Sometimes multiple factors combine like layers of an onion to create what feels like a single intractable problem. In situations like these, it is sometimes helpful to temporarily shift your focus away from the conspicuous problem, and instead focus on the intermediate factor(s) getting in the way. For example, if an error only occurs in a remote environment perhaps locating the log files is the first layer of the problem that needs to be solved.
Imagine an e-commerce site with a checkout form that throws an error. My first instinct is usually to work directly towards the desired end state. In this example, that would focus my attention on preventing the error. But this might be extremely inefficient if I don’t have an easy way to submit the form without making an actual purchase. Sometimes the quickest way to the solution feels indirect, and might even involve temporarily “breaking” things. The fastest way to solve the checkout error might be to first disable the payment gateway so I can resubmit the form (without going broke). It may feel regressive because now two things are “broken” but this is significant progress if it gets me closer to solving the underlying problem.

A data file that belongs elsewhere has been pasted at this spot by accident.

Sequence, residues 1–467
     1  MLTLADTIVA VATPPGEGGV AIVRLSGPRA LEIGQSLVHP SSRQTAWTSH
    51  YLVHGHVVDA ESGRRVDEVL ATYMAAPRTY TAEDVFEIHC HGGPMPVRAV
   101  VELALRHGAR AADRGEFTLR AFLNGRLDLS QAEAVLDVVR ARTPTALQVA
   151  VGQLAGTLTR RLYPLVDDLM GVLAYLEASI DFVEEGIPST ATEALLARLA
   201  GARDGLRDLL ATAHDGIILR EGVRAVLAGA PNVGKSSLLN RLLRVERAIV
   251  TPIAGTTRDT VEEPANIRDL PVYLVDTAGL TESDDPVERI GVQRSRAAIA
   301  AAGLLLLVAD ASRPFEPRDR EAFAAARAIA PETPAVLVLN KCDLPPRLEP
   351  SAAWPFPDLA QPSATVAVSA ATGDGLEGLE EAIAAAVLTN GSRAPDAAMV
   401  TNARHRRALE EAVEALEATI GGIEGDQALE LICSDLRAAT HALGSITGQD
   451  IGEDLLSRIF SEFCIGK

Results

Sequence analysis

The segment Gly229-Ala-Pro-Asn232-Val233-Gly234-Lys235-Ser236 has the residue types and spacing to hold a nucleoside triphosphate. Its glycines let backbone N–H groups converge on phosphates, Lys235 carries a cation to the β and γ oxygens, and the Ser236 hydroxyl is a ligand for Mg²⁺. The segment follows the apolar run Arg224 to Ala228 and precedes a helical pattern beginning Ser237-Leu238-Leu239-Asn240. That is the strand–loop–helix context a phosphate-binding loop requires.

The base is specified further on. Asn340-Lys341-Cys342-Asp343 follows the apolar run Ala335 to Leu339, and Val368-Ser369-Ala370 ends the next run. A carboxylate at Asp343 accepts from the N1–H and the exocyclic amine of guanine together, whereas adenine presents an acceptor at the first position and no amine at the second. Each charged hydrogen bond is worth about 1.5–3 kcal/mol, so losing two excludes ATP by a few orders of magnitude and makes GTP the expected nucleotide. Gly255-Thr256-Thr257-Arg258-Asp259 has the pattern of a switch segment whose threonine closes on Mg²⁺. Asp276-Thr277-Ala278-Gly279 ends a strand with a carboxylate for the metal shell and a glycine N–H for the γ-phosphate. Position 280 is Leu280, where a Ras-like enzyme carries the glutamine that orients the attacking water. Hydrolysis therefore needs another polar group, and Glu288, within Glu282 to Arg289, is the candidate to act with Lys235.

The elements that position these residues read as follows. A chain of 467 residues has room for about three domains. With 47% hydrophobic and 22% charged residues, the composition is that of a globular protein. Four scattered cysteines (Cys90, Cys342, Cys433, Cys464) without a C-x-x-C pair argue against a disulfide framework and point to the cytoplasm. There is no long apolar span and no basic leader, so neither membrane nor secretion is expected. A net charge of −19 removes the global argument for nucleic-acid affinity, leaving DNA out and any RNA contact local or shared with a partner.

When I catch myself grumbling “if I just had…” I try to stop and think hard about what it would take to address that need. Is there an affordable tool that would unblock me? Is there a gap in my knowledge that is forcing me to guess about something knowable? Simply put: don’t allow the problem to distract from the solution.
Error messages and broken layouts tend to draw our attention. But sometimes we can learn important lessons even when the problem does not occur. The term negative facts is a bit contentious in philosophy circles, but for our purposes it simply refers to instances where the issue doesn’t happen.